We are quite experienced in designing clinical trials to work in those settings and do quite a lot of work on being lean and agile, so I think actually the science was the easy bit. We were quite bold in our trial design and we had to work within the situation we were faced with: we couldn't do randomisation, for example – that would have been completely unethical – but we used a design that oncologists use, in that we were looking for big difference in drug effect so we could use historical controls and this was a perfectly legitimate scientific approach. But although there were big scientific challenges in terms of design of protocol, they weren’t necessarily logistical or organisational system challenges.

You mentioned it would have been easier to have access to commercial back up from industry.

I think it's more a question of commercial involvement rather than back up – they have an awful lot of expertise in running trials. I do a lot of research skills training, and I always say to people that a clinical trial is a clinical trial – most of us had never worked on an Ebola trial before and yet we were able to walk in and write a protocol and set up a trial because the skills you need to set up an Ebola trial are not really any different from oncology trials in Washington or Paris. But you need to be a trialist, and we need to be working much more in partnerships – industry has a lot to bring.

Have you been engaging with industry since this happened? Is there a forum where you can talk about this?

The WHO is writing a blueprint on what to do next time, and on the question of research readiness. I think it would be great to involve pharma more in some of this capacity development effort if there was interest, and of course these are emerging markets, so why not? Perhaps there is not the immediate commercial incentive to do so because it is not about a particular product, but it is about preparing the ground for clinical trials for a product. So should there be another outbreak and we want to test a vaccine, then it would be good to get some of this groundwork under way. So it would be interesting to work with pharma if anyone was wanting to get involved, but that might be a tall order because there is no in immediate commercial viability. But maybe some corporate social responsibility activities would be attractive to groups.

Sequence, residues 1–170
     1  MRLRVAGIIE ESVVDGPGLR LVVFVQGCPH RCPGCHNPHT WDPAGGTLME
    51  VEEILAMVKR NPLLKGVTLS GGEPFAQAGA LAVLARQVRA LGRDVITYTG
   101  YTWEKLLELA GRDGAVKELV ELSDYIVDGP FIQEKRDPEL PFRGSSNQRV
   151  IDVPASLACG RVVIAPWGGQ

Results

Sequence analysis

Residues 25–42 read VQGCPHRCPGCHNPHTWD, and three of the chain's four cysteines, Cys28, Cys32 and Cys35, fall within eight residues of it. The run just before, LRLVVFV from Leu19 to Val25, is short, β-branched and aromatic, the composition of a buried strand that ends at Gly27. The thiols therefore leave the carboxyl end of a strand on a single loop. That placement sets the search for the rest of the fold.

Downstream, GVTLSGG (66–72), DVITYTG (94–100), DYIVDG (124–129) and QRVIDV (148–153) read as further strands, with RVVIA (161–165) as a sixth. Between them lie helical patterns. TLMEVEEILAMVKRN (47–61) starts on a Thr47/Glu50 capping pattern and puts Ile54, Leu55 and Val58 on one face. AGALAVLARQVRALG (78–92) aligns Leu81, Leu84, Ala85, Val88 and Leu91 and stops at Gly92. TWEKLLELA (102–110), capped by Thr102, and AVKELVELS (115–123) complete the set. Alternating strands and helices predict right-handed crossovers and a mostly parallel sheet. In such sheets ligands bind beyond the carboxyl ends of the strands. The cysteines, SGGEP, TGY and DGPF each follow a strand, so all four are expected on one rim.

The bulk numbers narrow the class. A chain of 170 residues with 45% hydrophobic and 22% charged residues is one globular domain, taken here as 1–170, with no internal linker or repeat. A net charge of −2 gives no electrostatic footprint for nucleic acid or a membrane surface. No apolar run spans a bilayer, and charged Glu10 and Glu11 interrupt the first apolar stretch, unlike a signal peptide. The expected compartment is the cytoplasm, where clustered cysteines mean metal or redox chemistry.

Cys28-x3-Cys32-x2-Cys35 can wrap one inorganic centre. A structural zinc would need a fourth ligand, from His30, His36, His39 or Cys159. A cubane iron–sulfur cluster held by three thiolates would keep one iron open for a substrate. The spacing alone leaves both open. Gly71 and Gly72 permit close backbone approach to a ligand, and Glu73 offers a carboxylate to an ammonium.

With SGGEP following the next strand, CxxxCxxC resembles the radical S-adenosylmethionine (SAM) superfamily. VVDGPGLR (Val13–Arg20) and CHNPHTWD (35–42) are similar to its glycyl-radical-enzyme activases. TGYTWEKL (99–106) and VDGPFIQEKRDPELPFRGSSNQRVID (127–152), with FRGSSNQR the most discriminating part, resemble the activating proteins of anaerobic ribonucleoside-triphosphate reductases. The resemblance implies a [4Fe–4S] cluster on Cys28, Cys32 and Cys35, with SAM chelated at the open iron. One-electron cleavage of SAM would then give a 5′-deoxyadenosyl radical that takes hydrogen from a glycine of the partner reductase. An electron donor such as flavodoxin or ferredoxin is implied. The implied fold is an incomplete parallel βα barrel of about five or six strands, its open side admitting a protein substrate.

Have you learned enough from these experiences to really make a difference next time?

I think we made an enormous amount of progress, we ran trials within this outbreak and that has never been done before. We need to keep that corporate knowledge, if you like, between all the organisations and hope that we do better next time in having international leadership and so on.

Where might future outbreaks happen? 

Who knows, this is the thing isn’t it? We may well have another Ebola, a haemorrhagic fever type viral infection, a respiratory disease outbreak. There will be other outbreaks, and there will be other therapies and vaccines that will need to be evaluated, so we need to work at the global level to make sure we deal with some of these issues.